What’s the difference between walking, trekking, hiking and backpacking?

Cicerone’s Joe Williams answers the question you’ve always been afraid to ask: just what is the difference between walking and trekking? Read on to become a pro with the terminology.

Walking

At Cicerone, we use the terms walking and hiking interchangeably to mean a day walk. Something that, in order to complete the walk, might take up to a whole day. It could take just one hour, or the hike might take 24 hours. Some tough hikers might undertake a challenge walk that could last for perhaps 48 hours of straight walking without a break to sleep! We’d still call this a walk though.

Here’s some examples of a walk/hike:

  • Afternoon hike up to Yosemite Falls in Yosemite National Park, USA
  • Walk around the Fairfield Horseshoe in the Lake District.
  • Walk to the summit of Ben Nevis.
  • Walk the dog in your local park.
  • Hike up Piz Boè in the Italian Dolomites.
Northumberland
Hiking in Northumberland

Trekking

Guidebooks for trekking are the heart and soul of Cicerone. A trek is a long-distance route that might take between one week and a month. For some people, they could spin out an epic trek to five months, or even longer. We would however hesitate to call something a trek if it took less than a week. The true essence of trekking is that of immersing yourself in the landscape, focussing on the ‘journey’ day after day and casting aside your everyday life stresses and worries and allowing yourself to be swept along the trail. It’s hard to achieve this ‘flow’ without walking for at least a week. For a trek, a variety of overnight options are used, with mountain huts being the most common.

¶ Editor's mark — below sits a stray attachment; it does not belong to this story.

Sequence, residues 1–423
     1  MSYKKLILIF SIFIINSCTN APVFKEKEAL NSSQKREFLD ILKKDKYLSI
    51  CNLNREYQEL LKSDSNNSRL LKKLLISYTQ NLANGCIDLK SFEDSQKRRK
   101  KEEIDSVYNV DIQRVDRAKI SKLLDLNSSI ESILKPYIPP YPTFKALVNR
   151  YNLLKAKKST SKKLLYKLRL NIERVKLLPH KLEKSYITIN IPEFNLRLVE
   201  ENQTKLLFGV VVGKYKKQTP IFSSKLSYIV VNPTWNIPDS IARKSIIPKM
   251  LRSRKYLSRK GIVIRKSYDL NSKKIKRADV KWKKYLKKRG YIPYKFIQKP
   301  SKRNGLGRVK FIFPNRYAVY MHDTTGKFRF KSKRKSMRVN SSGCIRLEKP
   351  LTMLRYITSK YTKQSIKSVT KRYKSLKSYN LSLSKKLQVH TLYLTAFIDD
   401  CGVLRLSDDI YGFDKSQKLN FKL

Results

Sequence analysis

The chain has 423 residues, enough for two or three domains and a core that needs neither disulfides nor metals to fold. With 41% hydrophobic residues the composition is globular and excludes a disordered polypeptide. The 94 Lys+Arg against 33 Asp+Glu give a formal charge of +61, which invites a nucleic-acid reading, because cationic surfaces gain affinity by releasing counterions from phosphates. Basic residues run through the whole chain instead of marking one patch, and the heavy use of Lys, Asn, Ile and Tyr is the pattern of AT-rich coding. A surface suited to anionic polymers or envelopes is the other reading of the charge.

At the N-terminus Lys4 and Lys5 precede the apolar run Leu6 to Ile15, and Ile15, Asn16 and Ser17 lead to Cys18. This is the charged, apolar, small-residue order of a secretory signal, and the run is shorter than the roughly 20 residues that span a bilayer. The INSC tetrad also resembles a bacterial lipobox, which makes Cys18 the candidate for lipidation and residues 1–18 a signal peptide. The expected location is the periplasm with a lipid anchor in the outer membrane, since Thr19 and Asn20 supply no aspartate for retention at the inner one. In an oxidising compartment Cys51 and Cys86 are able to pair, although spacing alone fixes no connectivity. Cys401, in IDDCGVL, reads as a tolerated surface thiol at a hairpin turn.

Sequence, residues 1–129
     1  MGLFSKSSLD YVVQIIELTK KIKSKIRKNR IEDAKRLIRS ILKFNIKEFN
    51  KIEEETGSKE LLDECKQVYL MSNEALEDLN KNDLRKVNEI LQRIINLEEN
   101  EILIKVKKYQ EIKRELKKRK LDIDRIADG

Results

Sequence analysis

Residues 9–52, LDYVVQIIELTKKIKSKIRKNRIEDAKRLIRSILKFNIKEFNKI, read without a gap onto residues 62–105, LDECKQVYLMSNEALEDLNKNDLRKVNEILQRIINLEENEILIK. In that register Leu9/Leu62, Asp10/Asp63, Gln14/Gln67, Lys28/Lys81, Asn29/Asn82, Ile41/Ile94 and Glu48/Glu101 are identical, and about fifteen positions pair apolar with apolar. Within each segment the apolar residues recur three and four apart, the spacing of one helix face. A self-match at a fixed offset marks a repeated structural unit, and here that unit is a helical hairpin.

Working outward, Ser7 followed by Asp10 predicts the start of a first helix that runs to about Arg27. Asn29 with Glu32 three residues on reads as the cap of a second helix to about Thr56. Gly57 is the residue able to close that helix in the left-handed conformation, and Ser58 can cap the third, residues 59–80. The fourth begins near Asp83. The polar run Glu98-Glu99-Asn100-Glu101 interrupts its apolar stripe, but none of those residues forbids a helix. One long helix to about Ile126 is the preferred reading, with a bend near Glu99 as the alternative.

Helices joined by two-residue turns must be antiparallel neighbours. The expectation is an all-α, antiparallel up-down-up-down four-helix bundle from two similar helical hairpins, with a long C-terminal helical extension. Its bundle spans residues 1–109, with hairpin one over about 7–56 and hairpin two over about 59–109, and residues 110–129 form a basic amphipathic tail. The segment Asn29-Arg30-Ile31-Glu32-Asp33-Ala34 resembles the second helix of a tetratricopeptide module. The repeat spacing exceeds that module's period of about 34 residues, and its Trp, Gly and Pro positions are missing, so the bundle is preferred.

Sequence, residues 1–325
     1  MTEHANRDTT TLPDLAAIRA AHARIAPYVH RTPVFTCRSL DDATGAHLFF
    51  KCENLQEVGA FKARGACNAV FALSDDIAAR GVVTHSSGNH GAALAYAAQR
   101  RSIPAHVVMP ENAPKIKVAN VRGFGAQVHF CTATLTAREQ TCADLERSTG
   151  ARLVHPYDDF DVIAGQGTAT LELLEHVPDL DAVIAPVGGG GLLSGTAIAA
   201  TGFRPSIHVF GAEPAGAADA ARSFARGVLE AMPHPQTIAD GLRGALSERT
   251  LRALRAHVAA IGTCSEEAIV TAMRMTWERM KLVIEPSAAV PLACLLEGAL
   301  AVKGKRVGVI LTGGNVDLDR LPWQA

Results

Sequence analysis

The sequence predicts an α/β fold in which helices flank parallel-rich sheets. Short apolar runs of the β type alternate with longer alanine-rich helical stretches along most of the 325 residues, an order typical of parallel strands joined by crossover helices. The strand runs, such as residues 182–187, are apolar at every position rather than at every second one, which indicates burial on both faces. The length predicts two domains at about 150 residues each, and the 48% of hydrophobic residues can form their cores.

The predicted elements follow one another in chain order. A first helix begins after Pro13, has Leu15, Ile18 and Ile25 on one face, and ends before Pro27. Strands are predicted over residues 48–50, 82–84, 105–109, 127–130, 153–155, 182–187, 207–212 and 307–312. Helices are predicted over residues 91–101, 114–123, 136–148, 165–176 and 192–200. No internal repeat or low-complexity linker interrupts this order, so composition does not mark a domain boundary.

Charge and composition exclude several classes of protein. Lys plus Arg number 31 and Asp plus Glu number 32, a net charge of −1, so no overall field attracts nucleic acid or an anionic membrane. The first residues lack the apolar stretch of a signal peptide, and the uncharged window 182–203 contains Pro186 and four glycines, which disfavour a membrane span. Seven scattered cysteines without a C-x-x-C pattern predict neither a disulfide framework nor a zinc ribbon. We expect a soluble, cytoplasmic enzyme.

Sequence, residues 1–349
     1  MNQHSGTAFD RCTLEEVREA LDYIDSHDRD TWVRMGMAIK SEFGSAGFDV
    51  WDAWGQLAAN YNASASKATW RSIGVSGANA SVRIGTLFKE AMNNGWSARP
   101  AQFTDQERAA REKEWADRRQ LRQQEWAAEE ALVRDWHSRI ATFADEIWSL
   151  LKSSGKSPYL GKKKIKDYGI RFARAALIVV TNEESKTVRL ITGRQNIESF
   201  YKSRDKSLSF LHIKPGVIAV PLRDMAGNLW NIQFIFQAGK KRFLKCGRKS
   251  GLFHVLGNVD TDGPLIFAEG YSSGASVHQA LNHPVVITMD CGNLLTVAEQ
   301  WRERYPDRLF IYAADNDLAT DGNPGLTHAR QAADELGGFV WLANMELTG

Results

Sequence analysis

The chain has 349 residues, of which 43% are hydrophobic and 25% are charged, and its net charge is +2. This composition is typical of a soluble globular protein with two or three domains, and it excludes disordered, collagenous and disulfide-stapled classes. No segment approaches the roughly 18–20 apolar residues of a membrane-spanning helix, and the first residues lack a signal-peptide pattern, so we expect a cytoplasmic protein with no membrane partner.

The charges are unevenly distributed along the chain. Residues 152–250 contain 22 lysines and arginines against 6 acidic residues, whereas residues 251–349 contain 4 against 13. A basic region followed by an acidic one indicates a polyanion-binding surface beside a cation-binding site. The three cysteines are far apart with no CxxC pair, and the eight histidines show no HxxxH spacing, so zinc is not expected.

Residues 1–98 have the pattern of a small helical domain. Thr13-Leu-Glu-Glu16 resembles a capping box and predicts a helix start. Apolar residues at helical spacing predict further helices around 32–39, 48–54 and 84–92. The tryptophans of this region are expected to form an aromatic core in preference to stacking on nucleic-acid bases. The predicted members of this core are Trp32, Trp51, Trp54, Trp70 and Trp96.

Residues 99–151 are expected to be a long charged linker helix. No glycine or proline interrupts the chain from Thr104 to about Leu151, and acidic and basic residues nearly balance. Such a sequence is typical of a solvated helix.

Some examples of treks are:

Alpine Pass
Trekking Switzerland's Alpine Pass Route

What’s the difference between a path and a trail?

They’re basically the same thing, although path is the more common term in the UK, whereas trail is more frequently used in North America. In the world of long-distance walking (whether that’s the John Muir Trail in California or the South Downs Way in southern England), you’d generally refer to the exact route of the trek to be ‘the trail’. So “Let’s get back on the trail”, or “Where does the trail go tomorrow?” are common statements to make.

But what about a four day walk?

This is a tough one. How about ‘multi-day hike? Or ‘mini-trek’? Cicerone has a whole book on short hut-to-hut walks, just for the Dolomites, and we still don’t know what to call this kind of activity!

Backpacking

Backpacking is similar to trekking, but where in trekking you might tend to stay in hostels, B&Bs or mountain huts, with backpacking you are camping and sleeping in a tent. It’s perfectly possible to backpack a trekking route, such as finding beautiful locations to wild camp while hiking the GR10 trail in the French Pyrenees. In the UK, a classic backpacking route would be the Cape Wrath Trail in the far north-west of Scotland.

The advantage of backpacking over conventional trekking is that it allows you to get an even stronger connection to the nature and landscape around you, and gives a greater sense of self sufficiency. The downside is that you need to carry your tent, sleeping pad, sleeping bag, stove and all food, which usually results in a heavier pack.

Tenerife Gr 131 16
Backpacking the GR131 in Tenerife

Ultimately, it doesn’t matter at all what you call the activity. In our opinion, just getting out into the countryside or the mountains is the main thing. Do you have different definitions from the ones Cicerone use? If so, we’d love to hear the words you use for going for a walk!

Joe Williams

Joe Williams

Joe Williams is Cicerone's Business Development Manager. After many years climbing and running on the roads, he realised he wasn't actually any good at either of those things. He has since turned to mountain ultra running, which he's better at. Joe also enjoys playing the classical guitar, and has an unnatural aversion to swimming.

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